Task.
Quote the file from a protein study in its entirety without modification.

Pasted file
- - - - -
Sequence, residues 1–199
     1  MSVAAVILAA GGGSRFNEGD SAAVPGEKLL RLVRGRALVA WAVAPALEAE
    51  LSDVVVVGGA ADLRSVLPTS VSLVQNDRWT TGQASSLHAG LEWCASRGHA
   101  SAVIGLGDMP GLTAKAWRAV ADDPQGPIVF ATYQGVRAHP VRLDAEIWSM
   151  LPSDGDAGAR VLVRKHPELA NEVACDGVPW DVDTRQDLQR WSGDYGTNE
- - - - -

Sequence, residues 1–199
     1  MSVAAVILAA GGGSRFNEGD SAAVPGEKLL RLVRGRALVA WAVAPALEAE
    51  LSDVVVVGGA ADLRSVLPTS VSLVQNDRWT TGQASSLHAG LEWCASRGHA
   101  SAVIGLGDMP GLTAKAWRAV ADDPQGPIVF ATYQGVRAHP VRLDAEIWSM
   151  LPSDGDAGAR VLVRKHPELA NEVACDGVPW DVDTRQDLQR WSGDYGTNE